NOVEMBER 24TH 2002 - JANUARY 12TH 2003
love and devotion was invited, by curator Catrin Lundqvist, to perform two "events", or projects, at Moderna museet. Two projects that at first glance seemed quite different, but soon showed to be several parts that formed a whole. We decided to investigate the museum as any other space of investigation, show and see how it works. In the same way as other spaces in the world, a modern museum has it's rules and conventions that is very easy to slip into. Also as in other spaces/circumstances/situations etc the artist is invited into a structure that has been there for years. But also into a visual setting that has been already designed and formed, not only by an architect but also often by an interior designer. The artist comes in, as in f ex the case with official artcommissions, to do something like the final "decoration". To decorate means to enrich, adorn, beautify, polish, garnish, illuminate...to take one synonym further: illuminate, in turn means...to comment, explain, interpret, criticize, treat or ventilate, discuss, deal with, go into a subject. This latter meaning could actually be applied to the attitude we developed in the process of getting to know The Museum of Modern Art in Stockholm. We went into the subject which was the museum.
At Moderna museet we have added things, offered new options, made already existing possibilities more visible, made the physical environment more comfortable for the visitors etc. We decided when we were invited to do the show to produce everything within and from the institution itself and in that way connect different people in the staff in new ways with eachother.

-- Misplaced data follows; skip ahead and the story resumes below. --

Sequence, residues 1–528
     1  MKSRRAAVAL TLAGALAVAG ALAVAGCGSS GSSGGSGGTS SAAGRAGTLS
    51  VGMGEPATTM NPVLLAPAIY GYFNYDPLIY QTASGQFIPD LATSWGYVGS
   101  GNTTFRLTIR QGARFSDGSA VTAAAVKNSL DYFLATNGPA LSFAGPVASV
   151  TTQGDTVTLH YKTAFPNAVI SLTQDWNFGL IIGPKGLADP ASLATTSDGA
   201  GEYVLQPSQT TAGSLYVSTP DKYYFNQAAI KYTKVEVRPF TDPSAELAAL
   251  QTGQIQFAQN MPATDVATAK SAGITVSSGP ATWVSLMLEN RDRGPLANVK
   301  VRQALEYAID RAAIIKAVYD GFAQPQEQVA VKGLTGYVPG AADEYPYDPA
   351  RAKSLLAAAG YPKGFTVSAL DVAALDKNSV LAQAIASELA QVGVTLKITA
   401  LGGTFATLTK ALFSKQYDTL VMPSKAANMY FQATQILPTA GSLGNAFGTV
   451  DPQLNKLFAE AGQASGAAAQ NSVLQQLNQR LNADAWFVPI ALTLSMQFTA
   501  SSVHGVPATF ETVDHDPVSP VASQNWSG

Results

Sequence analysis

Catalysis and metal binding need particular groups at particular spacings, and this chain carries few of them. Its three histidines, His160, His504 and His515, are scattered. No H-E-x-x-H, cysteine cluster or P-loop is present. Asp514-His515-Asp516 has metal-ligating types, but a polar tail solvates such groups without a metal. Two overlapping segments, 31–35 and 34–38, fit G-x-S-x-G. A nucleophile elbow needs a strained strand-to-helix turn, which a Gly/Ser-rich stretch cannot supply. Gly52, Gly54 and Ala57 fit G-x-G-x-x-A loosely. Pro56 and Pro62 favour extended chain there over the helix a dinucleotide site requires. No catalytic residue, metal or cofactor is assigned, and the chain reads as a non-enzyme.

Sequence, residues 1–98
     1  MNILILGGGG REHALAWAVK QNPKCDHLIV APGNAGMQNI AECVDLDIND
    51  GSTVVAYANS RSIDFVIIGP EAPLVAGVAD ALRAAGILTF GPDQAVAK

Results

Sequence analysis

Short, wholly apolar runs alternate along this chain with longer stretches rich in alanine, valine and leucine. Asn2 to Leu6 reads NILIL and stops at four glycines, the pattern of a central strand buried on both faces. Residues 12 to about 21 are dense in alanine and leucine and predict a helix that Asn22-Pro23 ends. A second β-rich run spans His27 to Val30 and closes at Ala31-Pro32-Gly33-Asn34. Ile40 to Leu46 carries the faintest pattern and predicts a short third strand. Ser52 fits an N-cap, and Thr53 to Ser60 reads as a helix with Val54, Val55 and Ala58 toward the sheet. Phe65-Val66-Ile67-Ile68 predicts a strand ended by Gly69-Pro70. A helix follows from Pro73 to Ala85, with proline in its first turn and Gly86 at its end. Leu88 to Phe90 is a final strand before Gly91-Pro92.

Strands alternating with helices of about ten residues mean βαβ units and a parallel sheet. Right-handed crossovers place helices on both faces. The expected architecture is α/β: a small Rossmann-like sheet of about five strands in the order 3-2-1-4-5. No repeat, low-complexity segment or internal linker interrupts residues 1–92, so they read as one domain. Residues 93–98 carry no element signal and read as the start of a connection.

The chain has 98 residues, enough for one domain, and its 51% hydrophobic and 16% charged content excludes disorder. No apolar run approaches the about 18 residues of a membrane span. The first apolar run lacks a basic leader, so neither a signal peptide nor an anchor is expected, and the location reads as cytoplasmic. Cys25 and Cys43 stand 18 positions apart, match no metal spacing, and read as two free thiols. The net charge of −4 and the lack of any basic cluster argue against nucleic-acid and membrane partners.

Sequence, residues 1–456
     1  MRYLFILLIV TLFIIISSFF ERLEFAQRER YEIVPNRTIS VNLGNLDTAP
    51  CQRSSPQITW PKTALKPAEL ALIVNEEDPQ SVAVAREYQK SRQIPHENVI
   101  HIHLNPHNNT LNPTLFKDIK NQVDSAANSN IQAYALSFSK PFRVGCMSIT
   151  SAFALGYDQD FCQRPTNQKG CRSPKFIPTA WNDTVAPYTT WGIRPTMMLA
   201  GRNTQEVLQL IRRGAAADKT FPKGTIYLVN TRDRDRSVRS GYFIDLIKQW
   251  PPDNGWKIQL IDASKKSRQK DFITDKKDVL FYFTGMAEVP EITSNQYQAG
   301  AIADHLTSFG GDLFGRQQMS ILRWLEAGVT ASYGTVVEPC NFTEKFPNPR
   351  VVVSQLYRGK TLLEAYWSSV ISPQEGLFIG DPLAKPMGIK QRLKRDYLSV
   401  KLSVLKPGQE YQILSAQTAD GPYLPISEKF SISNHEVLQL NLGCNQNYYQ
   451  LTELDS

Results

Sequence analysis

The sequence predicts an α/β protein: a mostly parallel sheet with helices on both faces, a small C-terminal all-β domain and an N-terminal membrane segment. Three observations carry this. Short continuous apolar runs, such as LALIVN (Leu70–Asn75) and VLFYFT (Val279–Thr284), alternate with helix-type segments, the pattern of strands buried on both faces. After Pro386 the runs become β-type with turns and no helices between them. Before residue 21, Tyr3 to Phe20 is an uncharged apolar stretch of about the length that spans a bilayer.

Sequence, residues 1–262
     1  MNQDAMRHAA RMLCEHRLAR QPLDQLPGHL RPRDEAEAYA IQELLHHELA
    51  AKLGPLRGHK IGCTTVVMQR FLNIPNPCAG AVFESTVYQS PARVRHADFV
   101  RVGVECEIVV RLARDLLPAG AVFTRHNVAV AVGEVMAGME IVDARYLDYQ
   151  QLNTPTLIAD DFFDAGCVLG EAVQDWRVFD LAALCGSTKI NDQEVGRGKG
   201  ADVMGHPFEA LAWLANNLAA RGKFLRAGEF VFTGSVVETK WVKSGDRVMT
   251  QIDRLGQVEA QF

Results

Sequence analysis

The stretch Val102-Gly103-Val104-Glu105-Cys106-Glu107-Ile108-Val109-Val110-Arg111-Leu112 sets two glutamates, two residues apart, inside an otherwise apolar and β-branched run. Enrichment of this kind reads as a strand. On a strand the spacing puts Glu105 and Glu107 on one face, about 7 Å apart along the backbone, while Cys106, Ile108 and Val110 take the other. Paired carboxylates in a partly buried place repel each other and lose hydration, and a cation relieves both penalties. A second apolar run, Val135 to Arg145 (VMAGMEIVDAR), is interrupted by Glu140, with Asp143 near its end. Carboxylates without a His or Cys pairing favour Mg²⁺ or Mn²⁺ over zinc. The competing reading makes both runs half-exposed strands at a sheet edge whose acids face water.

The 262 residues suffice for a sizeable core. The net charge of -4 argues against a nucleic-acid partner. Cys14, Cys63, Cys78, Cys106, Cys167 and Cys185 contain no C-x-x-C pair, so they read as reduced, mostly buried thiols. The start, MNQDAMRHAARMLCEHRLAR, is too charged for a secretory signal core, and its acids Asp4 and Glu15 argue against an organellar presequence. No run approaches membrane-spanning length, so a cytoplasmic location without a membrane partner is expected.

We also wanted to make the institution more transparent to the visitor. In the process we were especially confronted with the fact that no room, space, situation is neutral and that we ourselves as artists were influenced by, as well as influencing, the situation. Everything took form on location, rather than as is done mostly with white cube shows, still to this day, where the artwork is produced outside of the exhibitional space and then brought in. The museum was by us considered to be a site of production.
Choosing the synonym to decoration: llumination, that was exactly what we ended up doing to the classical white cube. We "composed" a lightpiece for the room that focused on the space itself. The artworks from the collection, placed (by two curators of the museum) outside of the cubic room were in a way brought into the cube by us, through coloured lightreflections. Yellow for Siewert Lindblom, orange for Donald Judd, purple for Olle Baertling and a yellow stripe for Leif Elggren.
Aside the exhibitionspace other spaces/situations we worked with in the museum was the entrance, the window facing the street, the auditorium, the workshop for children , the hallway and many different groups of the staff. We also used the officearea and the kitchen of the staff as our sites of production. To enliven parts of the "stuff" the museum is hoovering we brought out works of art from the collection, a photo and several films and videos. In the workshop for children different categories of specialists from the museum met each other and the children.
Our first visual intervention was a Christmas window-dressing of MM to communicate the museum to the passers by. Several areas of the museum were possible to utilize, mainly the outer parts such as entrance, hallway and the glassed window-screen fronting the street outside.